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Mission/History

Our Mission is to empower children and adults with disabilities and their families to achieve their greatest potential.

We are a Cleveland, Ohio based non-profit organization that provides support, services, and programs that help children with a wide range of physical, emotional, neurological, or developmental disabilities achieve their full potential in life. Comprehensive services to children with disabilities and their families are provided through education and autism services, therapy and our Intensive Therapy Clinic, family support, recreation and adapted sports. Charitable donations help to provide many of these critical services for families, regardless of their ability to pay.

Our Vision

A future where individuals with varying abilities have opportunities across the lifespan to live life to the fullest. Everyone will reach their highest potential at home, school, and in the community as a result of the family-focused and integrated services our staff so competently and passionately provides.


The history of the Achievement Centers for Children is long and rich, marked by growth, innovation, and change.

In 1940, three Cleveland Rotarians, George Gund, Tris Speaker, and Frederick McGuire opened the doors of the Achievement Centers for Children, then known as the Society for Crippled Children. They had a vision and hope that every child would have an opportunity to reach his or her full potential. Many of the specific disabilities have changed through the years, but the dedication of the Achievement Centers to children with disabilities and their families has remained constant. The words of the Achievement Centers’ mission have changed, but the spirit has remained the same: “to enable and empower children with disabilities and their families to grow, learn, play and prepare for lifelong achievement in society.”

1940s

The Society for Crippled Children of Cuyahoga County, Inc. was founded on July 7, 1940 to address the needs of children with polio and cardiac disorders. The Society established its county-wide headquarters at 2239 East 55th Street in Cleveland, Ohio in 1943. Camp Cheerful in Strongsville was established 1947. It was Ohio’s first barrier-free residential camp designed for those with disabilities.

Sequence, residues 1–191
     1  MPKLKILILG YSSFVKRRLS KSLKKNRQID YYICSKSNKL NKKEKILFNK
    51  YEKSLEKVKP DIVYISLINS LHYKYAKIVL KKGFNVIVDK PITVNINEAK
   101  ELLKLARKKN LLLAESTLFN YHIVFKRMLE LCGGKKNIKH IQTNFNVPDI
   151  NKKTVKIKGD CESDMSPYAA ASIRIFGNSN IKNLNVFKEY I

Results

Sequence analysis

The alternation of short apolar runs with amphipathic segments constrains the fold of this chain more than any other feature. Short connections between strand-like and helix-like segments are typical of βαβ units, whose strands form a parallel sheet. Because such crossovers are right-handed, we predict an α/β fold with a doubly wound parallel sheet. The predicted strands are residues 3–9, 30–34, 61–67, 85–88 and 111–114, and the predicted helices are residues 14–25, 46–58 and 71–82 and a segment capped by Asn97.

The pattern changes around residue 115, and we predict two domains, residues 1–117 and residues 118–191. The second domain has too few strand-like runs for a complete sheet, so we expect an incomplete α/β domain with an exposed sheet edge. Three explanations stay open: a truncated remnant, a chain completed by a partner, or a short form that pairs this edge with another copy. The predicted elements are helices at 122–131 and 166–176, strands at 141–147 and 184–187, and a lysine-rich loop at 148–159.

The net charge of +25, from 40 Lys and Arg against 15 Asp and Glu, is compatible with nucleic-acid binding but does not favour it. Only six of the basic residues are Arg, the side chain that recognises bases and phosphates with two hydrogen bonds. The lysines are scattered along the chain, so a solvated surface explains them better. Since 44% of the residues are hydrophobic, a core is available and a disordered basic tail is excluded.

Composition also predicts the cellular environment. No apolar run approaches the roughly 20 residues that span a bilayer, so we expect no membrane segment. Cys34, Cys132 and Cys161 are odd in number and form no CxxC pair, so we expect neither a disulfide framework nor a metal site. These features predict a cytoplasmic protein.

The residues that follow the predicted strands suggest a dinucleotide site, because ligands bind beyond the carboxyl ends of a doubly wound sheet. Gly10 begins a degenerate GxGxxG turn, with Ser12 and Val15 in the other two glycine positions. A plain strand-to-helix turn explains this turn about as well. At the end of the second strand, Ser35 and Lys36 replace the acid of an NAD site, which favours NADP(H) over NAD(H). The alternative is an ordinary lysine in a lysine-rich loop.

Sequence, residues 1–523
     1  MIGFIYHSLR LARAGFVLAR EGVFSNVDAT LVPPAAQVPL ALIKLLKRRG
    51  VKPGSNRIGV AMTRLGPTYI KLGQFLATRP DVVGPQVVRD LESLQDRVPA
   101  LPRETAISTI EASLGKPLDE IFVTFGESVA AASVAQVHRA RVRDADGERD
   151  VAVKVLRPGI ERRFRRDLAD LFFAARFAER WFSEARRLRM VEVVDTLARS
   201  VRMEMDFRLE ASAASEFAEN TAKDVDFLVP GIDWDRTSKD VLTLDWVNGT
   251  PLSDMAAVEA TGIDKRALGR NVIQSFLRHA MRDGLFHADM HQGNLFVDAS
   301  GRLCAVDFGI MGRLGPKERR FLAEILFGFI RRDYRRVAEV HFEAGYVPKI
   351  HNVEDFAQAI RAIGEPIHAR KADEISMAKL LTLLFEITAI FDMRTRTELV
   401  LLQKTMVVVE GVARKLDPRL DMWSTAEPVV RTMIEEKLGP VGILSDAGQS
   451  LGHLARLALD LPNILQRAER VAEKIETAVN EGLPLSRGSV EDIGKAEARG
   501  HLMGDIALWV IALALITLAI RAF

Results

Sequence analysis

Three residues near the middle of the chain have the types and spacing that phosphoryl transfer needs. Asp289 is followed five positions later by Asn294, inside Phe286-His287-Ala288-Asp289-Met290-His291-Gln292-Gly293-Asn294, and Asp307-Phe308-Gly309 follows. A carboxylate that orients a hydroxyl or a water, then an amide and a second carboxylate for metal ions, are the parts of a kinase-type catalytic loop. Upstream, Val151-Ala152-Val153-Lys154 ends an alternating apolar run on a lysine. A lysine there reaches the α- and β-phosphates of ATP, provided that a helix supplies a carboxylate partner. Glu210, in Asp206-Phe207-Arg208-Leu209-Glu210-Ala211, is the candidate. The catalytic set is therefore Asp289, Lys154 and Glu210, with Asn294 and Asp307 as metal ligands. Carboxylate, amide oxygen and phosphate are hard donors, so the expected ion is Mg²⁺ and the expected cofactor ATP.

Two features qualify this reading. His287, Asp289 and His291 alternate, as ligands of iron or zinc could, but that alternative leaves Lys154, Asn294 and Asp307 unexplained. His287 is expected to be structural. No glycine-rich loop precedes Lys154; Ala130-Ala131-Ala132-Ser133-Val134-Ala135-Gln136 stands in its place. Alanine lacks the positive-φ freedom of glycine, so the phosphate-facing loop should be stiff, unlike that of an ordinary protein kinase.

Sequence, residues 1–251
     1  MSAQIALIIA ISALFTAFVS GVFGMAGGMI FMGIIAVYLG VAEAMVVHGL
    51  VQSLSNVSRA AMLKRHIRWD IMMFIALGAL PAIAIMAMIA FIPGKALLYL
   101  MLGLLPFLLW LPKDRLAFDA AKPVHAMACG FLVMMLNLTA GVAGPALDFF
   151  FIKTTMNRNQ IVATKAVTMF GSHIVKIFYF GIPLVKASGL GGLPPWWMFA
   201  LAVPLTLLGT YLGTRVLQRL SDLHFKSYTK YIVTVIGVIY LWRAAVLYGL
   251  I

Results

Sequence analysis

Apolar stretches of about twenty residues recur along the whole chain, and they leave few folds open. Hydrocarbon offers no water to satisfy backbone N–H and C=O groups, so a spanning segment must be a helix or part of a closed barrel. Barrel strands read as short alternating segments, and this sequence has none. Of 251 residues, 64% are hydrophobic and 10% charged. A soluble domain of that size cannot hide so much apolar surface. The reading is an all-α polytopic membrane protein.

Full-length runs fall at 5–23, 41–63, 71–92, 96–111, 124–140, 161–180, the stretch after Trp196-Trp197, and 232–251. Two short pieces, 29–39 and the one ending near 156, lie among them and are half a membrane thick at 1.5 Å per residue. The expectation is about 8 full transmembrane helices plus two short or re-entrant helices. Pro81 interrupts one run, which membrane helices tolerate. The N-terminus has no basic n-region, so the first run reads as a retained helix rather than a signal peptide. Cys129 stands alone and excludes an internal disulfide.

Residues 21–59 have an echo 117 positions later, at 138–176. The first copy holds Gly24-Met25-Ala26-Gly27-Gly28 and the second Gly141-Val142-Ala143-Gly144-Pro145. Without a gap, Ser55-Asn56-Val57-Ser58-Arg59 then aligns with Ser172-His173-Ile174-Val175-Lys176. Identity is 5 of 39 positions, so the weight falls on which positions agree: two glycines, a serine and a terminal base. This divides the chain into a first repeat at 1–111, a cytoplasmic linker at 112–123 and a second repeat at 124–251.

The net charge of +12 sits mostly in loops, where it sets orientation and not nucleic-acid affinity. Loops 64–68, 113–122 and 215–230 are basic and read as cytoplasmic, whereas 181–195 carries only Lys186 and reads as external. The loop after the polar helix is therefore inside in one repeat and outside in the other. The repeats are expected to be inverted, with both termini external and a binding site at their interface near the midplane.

1950s

Due to growing demand and expanding services, a second location was established in Lakewood, Ohio. One of the area’s first preschool and homebound service programs for children with disabilities began. Enrollment at Camp Cheerful grew, and many community organizations enjoyed and benefited from the unique facilities.

1960s

A new facility was built on Cleveland’s east side on Buckeye Road, and headquarters were relocated.

1970s

Heman Early Education Development (HEED) Program began for children 18 months to three years. By 1979, the agency was offering social services, early intervention, preschool, recreation, and physical, occupational and speech therapy.

1980s

Adult camping began at Camp Cheerful for adults with disabilities. The agency changed its name from the “Society for Children of Cuyahoga County, Inc.” to the “Achievement Centers for Children” in 1988.

1990s

In 1994, Patricia Nobili joined the agency as Executive Director and the first agency Strategic Plan was developed. A Most Excellent Race was begun to raise funds for Camp Cheeful. Many new collaborations and contracts were initiated. By 1999, the agency grew to serving approximately 1,000 children, young adults and their families annually.

2000s

The agency built a new, larger headquarters, the Breen Family Center in Highland Hills. Many new programs began including a preschool and kindergarten through second grade program for children with autism,
the Early Childhood Mental Health program, Adapted Aquatics, Therapeutic Horsemanship, and Achieve Consulting Services. Our west side services relocated to Westlake in 2007 providing four times more space for growth.

2010s

New programs were added including the Intensive Therapy Clinic, home visitng prevention program, an adapted sports program and the River Rock Adult Day year-round program at Camp Cheerful. The autism classrooms were expanded through the 8th grade. Camp Cheerful was designated as one of only four camps in the nation as a Blue Ribbon Camp by the National Association of Special Education Teachers.

2015

Pat Nobili retires after 21 years as CEO of the Achievement Centers for Children. Through her visionary leadership, the Achievement Centers experienced unprecedented growth, while expanding and creating numerous new programs, improving all of the facilities, and significantly raising the visibility of the organization in the Cleveland community.

2015

Sally Farwell was promoted to President and CEO. Sally has been an inspiring leader at the Achievement Centers for the past 19 years. She is a dedicated and passionate advocate for our mission, our organization, and for the children and adults with disabilities and the families we serve.

Cuyahoga Board of Developmental Disabilities
Invest in Childcare
ADAMHS
CARF
United Way